My mother and I moved to Tampa when I was 12 years old. It was a lot like when Daniel LaRusso and his mom moved from New Jersey to Reseda except I didn’t have a magical karate coach and I never got to fondle Elisabeth Shue.
We moved from New York City where baseball reigned supreme to a town that had no baseball… but really, really wanted it.
Back in the early eighties, Tampa was thirsting for a team but the only pro ball to be found in the bay area was played in the springtime.
Back then, Tampa pushed hard for franchise relocation. They were rumored to land the Mariners but that was before Ken Griffey, Jr. put on their uniform. They were supposed to acquire the Giants but then Barry Bonds did his thing. Tampa was even supposed to get the White Sox. Needless to say, rumors of those teams relocating were just that…. rumors.
Ultimately, Tampa, or more appropriately St. Petersburg, built a fancy new dome stadium to attract potential teams. The dome was fancy by 1980s standards. It still is fancy… by 1980s standards.
Tampa Bay eventually landed a pro squad, the Devil Rays, in 1998, twelve years after the stadium was built. Since then, the team has by most accounts overachieved considering how much money has been spent on payroll. They even reached the World Series back in 2008 and got to host a few playoff games in their once-trendy, ballpark called Tropicana Field.
It wasn’t long before the Rays became that Christmas present everybody wanted then discarded once they became tired of the novelty.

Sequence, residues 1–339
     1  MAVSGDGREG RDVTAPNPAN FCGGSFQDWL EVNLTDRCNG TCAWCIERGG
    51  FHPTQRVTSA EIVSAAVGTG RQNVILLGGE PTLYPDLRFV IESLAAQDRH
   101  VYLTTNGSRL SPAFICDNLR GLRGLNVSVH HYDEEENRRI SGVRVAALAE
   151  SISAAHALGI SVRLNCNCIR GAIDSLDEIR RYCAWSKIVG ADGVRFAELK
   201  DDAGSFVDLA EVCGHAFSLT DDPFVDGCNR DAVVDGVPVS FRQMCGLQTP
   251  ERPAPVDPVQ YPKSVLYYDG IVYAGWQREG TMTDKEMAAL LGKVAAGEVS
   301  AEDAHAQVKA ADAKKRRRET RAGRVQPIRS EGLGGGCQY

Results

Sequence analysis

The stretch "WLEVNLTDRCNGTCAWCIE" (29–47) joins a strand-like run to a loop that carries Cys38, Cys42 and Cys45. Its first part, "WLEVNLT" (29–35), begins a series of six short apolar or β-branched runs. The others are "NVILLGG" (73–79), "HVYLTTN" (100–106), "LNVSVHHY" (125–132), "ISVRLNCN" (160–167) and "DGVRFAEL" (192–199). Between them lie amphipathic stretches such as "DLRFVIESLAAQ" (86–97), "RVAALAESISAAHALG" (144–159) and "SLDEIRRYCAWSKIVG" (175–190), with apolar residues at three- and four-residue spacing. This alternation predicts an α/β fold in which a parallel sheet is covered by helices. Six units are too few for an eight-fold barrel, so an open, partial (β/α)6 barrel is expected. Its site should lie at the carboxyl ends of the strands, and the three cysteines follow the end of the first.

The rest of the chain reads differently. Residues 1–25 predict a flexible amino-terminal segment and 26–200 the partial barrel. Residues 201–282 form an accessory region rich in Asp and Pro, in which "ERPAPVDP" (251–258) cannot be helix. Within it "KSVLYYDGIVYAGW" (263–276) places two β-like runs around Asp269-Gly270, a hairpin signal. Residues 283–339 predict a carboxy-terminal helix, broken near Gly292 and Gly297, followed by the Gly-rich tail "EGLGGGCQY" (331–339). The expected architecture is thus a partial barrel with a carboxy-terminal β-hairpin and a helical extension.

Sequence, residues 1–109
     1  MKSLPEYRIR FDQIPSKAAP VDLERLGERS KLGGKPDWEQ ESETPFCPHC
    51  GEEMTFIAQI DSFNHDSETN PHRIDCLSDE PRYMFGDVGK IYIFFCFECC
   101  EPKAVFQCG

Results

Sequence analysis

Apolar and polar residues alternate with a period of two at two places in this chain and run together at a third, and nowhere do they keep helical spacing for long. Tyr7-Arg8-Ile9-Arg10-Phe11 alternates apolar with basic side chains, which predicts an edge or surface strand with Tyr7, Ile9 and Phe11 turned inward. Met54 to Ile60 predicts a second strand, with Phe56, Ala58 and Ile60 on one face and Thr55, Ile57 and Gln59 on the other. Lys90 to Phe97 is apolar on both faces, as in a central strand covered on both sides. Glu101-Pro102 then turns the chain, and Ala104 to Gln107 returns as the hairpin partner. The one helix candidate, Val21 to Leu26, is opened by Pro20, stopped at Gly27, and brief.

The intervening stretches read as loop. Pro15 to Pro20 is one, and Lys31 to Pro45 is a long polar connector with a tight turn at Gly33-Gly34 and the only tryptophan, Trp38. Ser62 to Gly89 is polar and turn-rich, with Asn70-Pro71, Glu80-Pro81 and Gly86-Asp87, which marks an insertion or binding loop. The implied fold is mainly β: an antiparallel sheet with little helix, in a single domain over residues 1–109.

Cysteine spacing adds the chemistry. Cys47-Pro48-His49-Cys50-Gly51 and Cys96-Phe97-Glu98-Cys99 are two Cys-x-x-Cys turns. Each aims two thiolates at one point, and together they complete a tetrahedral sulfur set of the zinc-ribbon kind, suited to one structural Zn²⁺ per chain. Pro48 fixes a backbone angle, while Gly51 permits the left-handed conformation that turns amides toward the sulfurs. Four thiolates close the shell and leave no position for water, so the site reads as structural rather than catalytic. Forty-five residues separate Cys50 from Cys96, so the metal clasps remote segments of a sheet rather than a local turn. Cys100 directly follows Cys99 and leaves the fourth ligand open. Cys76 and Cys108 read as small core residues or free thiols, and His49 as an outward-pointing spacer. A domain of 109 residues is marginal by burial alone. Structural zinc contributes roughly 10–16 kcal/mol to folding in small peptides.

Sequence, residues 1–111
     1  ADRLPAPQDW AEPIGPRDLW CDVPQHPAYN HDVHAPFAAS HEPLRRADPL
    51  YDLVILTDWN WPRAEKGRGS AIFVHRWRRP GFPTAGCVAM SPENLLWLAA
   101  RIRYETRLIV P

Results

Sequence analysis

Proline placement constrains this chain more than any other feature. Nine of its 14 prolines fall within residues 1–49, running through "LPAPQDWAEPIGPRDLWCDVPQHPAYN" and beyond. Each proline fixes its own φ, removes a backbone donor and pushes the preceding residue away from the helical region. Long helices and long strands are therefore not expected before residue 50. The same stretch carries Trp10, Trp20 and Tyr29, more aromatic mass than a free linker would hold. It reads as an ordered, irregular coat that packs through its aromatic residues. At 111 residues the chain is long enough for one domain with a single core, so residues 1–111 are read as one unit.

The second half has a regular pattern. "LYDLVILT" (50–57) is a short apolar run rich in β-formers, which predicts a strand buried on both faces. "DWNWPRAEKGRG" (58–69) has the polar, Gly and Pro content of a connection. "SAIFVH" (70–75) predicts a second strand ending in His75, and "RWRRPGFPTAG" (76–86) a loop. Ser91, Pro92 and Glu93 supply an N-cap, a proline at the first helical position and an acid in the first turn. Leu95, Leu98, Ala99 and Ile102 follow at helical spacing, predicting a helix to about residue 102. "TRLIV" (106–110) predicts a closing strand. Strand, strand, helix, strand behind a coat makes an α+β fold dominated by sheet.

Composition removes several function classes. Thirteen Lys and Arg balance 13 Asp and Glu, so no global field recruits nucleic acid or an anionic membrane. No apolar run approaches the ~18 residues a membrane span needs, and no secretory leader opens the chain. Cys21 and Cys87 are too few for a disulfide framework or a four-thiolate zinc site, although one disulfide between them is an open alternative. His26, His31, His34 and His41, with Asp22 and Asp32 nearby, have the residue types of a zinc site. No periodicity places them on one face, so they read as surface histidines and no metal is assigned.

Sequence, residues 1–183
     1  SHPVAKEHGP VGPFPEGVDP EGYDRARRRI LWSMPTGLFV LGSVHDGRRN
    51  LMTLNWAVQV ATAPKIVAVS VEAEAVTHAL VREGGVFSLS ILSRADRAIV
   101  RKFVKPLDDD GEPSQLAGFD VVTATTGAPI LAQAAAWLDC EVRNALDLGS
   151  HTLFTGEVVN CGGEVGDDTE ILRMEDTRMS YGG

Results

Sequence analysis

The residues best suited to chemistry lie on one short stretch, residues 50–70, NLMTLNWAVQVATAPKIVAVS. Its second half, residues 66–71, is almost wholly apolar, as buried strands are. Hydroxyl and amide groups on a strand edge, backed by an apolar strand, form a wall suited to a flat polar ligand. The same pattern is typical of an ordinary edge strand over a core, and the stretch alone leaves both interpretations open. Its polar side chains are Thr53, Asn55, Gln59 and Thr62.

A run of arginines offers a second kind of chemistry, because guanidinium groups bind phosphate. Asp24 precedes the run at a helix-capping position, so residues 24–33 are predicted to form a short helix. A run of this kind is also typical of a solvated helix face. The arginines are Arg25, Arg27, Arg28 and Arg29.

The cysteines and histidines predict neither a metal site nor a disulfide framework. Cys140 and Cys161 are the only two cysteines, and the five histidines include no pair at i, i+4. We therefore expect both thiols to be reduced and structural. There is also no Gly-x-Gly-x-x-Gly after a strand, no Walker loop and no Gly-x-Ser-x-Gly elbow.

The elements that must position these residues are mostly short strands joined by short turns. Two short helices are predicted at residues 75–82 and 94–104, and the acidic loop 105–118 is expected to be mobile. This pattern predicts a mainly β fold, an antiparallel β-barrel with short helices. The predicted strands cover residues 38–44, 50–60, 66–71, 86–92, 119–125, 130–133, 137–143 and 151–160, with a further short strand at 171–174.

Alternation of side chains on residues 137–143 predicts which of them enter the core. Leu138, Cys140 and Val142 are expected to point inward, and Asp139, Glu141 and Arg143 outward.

Tampa Bay residents have come to complain about Tropicana Field. It’s far to drive to, not conveniently located and most certainly doesn’t feature the amenities of other, more modern stadiums. In short, the Trop lacks identity. Furthermore, Tropicana Field is the only stadium in the nation that allows for “do-overs.” That’s correct, if a pop fly hits one of the catwalks just under the dome roof, it’s ruled a dead ball. I’ve humbly named the stadium “Do-Over Park” because it’s the only place I know where something like that can happen.
News leaked recently that Do Over Park would be receiving a makeover… in the form of a new stadium. Just like before, the Tampa side of the bay has been pushing to build a new ballpark on the other side of the water. This has been in the works for years. Now it looks like it may finally happen, in Ybor City, much to the joy of every bartender in the immediate area. I know one that’s ecstatic about the move, that is, if it happens.
The proposed site for Trop II: The Mediocrity Continues will be centrally located, tying together three districts in Tampa that get a fair amount of foot traffic: Channelside, downtown and the aforementioned Ybor City.
No ground has been broken though and nothing is set in stone. While there was most definitely a buzz about the recent announcement, most fans took it with a grain of salt, the Rays giving us that ultimate “we’ll see.” There’s no commitment from the team, no corporate money to finance a new stadium and, even if there is, no guarantee that if they build it, fans will come. This is a Rays team that has consistently been at the bottom of the MLB attendance charts for years on end. The Trop is not the only reason for that. The on-field play lately has been hardly an attention-grabber.
And so, the good city of Tampa waits as we always have.
With new headlines comes new opportunity. We’re even willing to grant the team a do-over. They just have to put the ball in play first.